On Saturday 12 December, Copenhagen University hosted a meeting of the biggest names on the global agriculture scene; the Food Agriculture Organisation of the UN, the International Fund for Agricultural Development and the Consultative Group on International Agricultural Research, who all came together to discuss one thing: what does Copenhagen mean for agriculture?
Despite coming up with little in the way of concrete demands to present to the conference centre delegates, the meeting did highlight what could potentially be the make-or-break deal that seals Copenhagen’s place in history: a decision on whether agriculture - or more specifically soil carbon sequestration - will be eligible for carbon trading under the Clean Development Mechanism (CDM) funding scheme.
Soil for sale
For a sector which the IPCC says is responsible for fully one-third of combined global greenhouse gas emissions, and as an industry charged with achieving cuts in the region of 800 megatonnes of carbon per year while at the same time doubling productivity to feed 9bn people by 2050, agriculture has played a surprisingly low-key role in negotiations so far.
This partly because the science is controversial. Ever since the 1992 Rio Earth Summit the potential of mitigation through agricultural services has been dogged by the lack of scientific consensus on mitigation figures. In 2007, however the IPCC recognised that the world’s soils have the potential to sequester an estimated 6 billion tonnes of carbon dioxide equivalent each year, opening the doors for agriculture’s carbon-trading proponents to flood in.
And flood they have. Within the past two years, the UNFCCC has been lobbied by successive international organisations, governments and private companies - from the United Nations Convention to Combat Desertification to Monsanto and the House of Saud - falling over themselves in anticipation of what trade in soil carbon credits could ultimately mean for their bottom lines.
And who can blame them? In 2008 4.9bn tonnes of CO2 were traded globally, an 83 per-cent increase on 2007 levels. With carbon trading tipped as the next boom economy, the world’s 1.6bn hectares of cultivated land represent a mouth watering opportunity for future investors. It is estimated that the US could see an annual gross revenue of over $100bn from domestic carbon offsets alone, nearly 50 per-cent of its current agricultural GDP.
Farming under the UN
So what would the ‘agricultural methods’ recognised by the CDM as eligible for carbon credits look like? Subsidies for reducing the use of fossil fuels in agriculture perhaps, or for adopting organic farming? It seems unlikely.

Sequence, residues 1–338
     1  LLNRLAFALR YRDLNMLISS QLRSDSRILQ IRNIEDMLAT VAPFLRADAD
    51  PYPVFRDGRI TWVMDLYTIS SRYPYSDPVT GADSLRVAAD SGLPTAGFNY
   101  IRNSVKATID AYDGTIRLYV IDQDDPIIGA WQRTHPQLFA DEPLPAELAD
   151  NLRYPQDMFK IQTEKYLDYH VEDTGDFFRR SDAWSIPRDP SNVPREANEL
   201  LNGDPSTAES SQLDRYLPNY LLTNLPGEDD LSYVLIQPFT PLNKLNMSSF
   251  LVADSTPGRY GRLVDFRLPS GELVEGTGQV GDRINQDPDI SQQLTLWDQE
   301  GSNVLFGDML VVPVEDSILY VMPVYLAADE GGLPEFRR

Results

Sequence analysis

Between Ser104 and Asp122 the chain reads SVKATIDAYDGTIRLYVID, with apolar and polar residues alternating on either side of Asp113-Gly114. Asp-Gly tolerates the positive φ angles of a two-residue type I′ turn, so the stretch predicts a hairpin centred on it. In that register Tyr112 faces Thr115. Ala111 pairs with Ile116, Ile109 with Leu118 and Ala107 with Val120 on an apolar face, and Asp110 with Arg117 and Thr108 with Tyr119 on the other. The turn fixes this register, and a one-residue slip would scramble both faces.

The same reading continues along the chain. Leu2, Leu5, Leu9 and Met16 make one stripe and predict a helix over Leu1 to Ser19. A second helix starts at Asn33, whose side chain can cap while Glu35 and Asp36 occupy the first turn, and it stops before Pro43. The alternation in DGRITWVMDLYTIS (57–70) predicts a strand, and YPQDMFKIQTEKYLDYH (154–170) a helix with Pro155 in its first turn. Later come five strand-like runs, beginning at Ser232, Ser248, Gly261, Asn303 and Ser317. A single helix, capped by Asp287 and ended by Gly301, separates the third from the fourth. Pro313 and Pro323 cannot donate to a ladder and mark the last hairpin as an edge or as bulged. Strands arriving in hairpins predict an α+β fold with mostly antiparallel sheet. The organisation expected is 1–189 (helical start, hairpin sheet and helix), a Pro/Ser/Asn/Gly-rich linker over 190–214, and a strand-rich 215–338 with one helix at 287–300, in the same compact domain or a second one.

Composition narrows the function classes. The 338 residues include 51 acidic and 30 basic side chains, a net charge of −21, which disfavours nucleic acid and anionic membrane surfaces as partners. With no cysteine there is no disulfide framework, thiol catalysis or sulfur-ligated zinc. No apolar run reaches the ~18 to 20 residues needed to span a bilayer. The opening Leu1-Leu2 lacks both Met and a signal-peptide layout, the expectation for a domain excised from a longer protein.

Helena Paul from the public interest and scientific research organisation Econexus, which has recently released a policy document - Agriculture and Climate Change; Real Problems, False Solutions - summarises what’s on the table this week:
‘Firstly, some want no-till agriculture to be included in carbon trading, including the CDM, claiming soil carbon emissions are reduced by not tilling the soil. In reality however, the majority of no-till is carried out by large-scale producers using GM herbicide tolerant crops in combination with applications of herbicide, plus chemical fertilisers and insecticides.
‘Secondly, biochar, which is basically charcoal, has been proposed as a method of locking the carbon from biomass into the soil. However, apart from doubts about its effectiveness at large and small scale, especially in the longterm, this would require immense plantations as a source of biomass for the charcoal. These would also feed the market for biofuel as a co-product, offering double subsidies but also twice the incentive for destruction of forests and biodiversity.
'Thirdly, some also propose further intensification of livestock farming, saying that emissions can be significantly reduced through housing stock and “managing” manure to produce biogas. Once again it is big industrial producers that already benefit to the exclusion of the small.’
Carbon money to fund GM
Among the most controversial suggestions currently under consideration is the possibility of awarding carbon credits for growing GM crops.
The biotech industry is keen to highlight the potential of GMOs to cut emissions through claimed higher yields. The industry is also lobbying strongly against plans to prohibit patents on genetic resources that are considered essential to climate change adaptation.
At present it is estimated that around six per-cent of CDM funding goes to agricultural services, however this funding is, as Helena points out, intrinsically biased towards large-scale operators. In 2007 for example 90 per-cent of all CDM projects approved in Malaysia were awarded to palm oil monocultures, while in Mexico over half of all CDM funding is claimed by industrial swine units producing biogas from manure.
Some believe that a decision by the the UN to include soil carbon in its remit will be met by an explosion of the intensive farming systems best suited to exploit it. They fear that such a scenario - which could see the UN pour $1.5bn of funding into further intensification scheme - could have serious consequences, barely 18-months on from a global food crisis that pushed an estimated 90m people into food poverty worldwide.
Ed Hamer is a freelance journalist specialising in agriculture and globalisation issues. He is reporting from the Copenhagen climate summit
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